When you sign on for a long-term mission you have certain expectations. You know that it's not something to do lightly; while these days off-world duty isn't a one-way trip, it's at least a five year commitment. You can get big pay for doing lab work on a miserable ball of ice, you can enjoy all kinds of luxuries on a mining platform floating over a gas giant, but those didn't interest me. I held out for something better, let my seniority and karma build up until I was top of the list. And then Jade came up for transfer.
Jade is larger than Earth but has almost the same gravity due to it's composition. The entire planet is brilliant olivine beaches and deep jungles, with perfect weather all the time. It's paradise. The pay is terrible compared to other off-word missions but you spend nothing at all on food because a quick stroll into the trees will provide you with more nuts, fruit, and vegetables than you could eat in a month. Most of the researchers go native within a week, rarely wearing shirts or shoes. The only problem has been that nobody ever wants to come back.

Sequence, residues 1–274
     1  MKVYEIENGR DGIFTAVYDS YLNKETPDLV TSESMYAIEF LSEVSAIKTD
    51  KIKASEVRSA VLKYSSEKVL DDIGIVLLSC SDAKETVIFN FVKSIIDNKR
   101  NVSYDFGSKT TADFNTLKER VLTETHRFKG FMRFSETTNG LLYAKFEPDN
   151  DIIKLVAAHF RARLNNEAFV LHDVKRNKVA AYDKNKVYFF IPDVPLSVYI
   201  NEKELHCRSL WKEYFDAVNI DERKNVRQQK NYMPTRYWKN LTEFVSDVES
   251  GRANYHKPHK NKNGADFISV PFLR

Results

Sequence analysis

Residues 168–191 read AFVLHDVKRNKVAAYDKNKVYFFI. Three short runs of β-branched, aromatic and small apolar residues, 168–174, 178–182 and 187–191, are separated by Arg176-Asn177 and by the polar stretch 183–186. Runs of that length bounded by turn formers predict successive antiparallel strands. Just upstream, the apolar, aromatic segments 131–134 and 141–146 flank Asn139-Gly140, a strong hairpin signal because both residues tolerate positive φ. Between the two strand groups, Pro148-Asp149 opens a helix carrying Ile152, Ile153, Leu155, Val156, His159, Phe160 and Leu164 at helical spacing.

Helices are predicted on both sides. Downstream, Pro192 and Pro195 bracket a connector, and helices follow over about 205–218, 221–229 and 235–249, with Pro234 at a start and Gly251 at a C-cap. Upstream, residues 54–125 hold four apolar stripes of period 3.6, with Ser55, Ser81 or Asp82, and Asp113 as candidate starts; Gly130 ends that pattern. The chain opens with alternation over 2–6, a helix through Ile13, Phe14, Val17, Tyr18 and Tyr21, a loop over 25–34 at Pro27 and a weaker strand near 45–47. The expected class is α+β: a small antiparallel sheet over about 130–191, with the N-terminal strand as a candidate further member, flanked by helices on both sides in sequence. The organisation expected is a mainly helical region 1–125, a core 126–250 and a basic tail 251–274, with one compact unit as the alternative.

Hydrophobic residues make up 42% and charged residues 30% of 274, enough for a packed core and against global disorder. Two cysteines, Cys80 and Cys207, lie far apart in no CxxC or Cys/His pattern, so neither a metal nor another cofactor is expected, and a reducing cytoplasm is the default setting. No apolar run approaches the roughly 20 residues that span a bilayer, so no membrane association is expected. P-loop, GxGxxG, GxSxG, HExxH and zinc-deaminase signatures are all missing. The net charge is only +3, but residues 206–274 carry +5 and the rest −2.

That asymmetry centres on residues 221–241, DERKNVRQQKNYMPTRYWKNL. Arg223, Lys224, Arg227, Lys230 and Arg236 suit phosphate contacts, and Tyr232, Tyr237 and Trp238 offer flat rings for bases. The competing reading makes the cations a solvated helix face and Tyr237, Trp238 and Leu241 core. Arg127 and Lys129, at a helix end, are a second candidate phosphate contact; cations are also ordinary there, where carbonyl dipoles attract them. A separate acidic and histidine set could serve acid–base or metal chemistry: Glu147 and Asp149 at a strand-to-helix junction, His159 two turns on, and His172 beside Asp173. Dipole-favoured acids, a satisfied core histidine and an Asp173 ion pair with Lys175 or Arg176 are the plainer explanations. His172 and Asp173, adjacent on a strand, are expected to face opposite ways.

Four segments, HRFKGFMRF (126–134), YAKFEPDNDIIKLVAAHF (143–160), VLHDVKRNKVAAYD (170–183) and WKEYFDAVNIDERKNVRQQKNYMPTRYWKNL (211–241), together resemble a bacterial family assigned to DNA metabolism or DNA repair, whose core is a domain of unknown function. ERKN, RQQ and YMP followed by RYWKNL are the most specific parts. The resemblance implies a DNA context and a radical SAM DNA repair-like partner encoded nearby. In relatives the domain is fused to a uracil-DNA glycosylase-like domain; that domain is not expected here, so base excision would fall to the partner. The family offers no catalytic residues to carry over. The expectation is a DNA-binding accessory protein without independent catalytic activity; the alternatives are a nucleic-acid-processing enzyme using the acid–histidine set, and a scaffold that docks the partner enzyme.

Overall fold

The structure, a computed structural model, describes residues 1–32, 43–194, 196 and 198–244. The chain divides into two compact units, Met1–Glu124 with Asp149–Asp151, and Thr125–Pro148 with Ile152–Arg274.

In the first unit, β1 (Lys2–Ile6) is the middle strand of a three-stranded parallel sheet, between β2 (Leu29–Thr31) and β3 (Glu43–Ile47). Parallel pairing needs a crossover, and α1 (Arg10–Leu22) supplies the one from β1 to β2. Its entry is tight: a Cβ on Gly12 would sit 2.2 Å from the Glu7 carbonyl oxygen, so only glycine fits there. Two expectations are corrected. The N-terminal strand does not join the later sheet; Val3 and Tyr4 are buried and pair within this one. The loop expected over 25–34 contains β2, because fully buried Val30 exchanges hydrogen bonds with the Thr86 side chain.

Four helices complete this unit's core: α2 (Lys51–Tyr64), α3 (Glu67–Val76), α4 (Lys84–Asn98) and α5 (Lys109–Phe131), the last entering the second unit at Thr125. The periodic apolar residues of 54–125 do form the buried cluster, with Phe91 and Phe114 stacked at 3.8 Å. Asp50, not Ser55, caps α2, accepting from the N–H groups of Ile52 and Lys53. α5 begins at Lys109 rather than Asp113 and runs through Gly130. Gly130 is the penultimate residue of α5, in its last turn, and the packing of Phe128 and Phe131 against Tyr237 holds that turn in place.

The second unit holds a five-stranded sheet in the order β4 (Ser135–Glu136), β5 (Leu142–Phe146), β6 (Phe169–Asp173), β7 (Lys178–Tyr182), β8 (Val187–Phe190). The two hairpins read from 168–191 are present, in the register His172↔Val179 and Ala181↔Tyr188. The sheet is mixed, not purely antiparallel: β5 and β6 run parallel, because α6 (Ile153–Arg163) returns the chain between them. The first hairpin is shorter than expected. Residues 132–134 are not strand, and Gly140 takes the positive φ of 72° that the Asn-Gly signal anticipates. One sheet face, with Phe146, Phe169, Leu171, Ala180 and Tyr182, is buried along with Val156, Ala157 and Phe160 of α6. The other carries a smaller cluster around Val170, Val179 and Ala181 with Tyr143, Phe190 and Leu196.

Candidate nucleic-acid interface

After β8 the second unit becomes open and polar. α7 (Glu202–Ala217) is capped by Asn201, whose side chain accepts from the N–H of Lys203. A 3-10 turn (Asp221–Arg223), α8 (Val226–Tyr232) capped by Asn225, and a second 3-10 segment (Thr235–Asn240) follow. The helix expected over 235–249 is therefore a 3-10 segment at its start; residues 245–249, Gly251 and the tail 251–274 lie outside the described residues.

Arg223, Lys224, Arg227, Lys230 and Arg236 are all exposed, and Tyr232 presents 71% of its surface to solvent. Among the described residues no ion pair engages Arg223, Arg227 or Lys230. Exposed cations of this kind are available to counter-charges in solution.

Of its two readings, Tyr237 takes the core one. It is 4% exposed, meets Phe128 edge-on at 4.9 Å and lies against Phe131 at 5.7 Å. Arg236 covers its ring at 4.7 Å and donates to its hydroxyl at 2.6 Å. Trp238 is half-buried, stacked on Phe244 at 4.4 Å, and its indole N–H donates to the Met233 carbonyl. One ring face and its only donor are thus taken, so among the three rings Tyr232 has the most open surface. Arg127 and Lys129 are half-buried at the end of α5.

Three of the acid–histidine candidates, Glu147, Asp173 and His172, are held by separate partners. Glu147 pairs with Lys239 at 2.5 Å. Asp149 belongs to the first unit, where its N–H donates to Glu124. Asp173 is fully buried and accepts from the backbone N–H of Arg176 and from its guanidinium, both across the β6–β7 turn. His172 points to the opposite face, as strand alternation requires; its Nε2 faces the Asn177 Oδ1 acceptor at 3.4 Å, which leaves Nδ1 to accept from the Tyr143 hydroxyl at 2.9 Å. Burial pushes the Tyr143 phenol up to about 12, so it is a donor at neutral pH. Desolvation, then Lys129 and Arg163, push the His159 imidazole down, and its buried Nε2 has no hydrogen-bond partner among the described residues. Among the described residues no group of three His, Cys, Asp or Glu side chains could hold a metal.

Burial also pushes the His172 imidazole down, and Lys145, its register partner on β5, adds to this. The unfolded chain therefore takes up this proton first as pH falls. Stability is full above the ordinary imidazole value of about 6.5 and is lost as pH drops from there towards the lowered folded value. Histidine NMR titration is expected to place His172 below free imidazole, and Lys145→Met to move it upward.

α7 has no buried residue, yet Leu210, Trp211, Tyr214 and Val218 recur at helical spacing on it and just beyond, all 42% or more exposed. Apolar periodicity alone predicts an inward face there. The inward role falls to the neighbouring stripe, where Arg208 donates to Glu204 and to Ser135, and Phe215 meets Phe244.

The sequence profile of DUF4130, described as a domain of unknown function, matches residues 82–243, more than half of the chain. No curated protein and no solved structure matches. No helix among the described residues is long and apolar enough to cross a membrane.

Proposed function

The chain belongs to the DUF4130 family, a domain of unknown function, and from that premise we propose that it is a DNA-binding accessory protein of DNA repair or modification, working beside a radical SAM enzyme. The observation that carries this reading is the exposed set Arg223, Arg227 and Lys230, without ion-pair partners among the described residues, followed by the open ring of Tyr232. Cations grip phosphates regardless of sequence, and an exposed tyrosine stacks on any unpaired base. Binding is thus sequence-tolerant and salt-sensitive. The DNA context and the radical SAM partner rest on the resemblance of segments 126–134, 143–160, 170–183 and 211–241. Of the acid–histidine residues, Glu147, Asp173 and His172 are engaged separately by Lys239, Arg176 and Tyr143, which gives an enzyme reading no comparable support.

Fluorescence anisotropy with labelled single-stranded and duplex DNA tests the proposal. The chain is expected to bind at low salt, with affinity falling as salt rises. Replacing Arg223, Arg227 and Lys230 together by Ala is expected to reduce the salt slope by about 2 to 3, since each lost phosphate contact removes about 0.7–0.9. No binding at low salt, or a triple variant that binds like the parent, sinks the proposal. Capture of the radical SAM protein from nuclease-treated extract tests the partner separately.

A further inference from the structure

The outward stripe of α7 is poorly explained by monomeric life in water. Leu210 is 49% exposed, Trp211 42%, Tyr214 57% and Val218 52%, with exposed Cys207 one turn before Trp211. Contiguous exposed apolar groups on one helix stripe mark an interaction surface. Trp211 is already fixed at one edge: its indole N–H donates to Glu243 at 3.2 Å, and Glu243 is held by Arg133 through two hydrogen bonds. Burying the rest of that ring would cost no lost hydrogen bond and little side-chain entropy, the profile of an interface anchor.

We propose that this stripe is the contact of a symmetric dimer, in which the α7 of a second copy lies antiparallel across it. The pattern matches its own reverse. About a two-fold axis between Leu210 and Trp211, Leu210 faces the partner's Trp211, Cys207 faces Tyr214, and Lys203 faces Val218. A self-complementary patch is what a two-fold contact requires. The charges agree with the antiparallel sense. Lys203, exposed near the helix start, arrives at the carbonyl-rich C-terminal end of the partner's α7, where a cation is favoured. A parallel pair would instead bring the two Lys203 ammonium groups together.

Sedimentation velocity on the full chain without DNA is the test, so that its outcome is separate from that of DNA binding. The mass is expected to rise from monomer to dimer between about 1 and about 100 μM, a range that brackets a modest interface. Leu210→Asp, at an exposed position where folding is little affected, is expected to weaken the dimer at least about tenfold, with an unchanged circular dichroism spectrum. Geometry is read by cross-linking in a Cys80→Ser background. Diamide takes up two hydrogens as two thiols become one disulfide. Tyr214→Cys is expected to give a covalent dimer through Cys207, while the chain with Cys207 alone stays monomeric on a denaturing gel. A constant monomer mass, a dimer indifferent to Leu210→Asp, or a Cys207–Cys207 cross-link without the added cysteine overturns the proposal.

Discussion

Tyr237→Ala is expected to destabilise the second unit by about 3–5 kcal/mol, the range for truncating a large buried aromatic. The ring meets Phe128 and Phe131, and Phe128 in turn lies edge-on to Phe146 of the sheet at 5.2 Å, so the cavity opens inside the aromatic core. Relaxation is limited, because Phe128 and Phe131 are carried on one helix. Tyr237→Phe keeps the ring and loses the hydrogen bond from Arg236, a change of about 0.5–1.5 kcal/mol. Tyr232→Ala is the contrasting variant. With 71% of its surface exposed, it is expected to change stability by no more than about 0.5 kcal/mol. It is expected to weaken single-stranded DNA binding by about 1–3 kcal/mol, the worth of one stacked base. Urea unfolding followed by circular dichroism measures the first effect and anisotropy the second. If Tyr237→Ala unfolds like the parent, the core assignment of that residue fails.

They've moved out of the government facility onto the beach, erecting little grass huts. I can see the 'village' from my window - it's a fantastic view, with the houses giving way to a green sand beach... beyond that the perfect ocean's cresting waves and a chain of islands that drape across the horizon like a pearl necklace. People would kill for this view back on Earth, but to me it's a slap in the face. There's no sand on my floor, it's perfect and clean as always. I don't have a tan, and I haven't sampled Jade's famous native plants. I've never even set foot on the surface.
The official response to my situation was an apology carefully worded to convey sympathy without any guilt. They pointed out that it was impossible to anticipate an allergic reaction as rare as mine seemed to be, and they could not be held responsible - after all, everyone knows off-world duty comes with risks. Since the contaminant is in the air all over the planet there was nothing for them to do but seal up my room; certainly they couldn't be expected to keep the entire facility air-tight. I've tried covering the window to take my mind off of it, to make my "three-to-five" year wait be more bearable, but even with my eyes closed I can see that perfect, idyllic hell.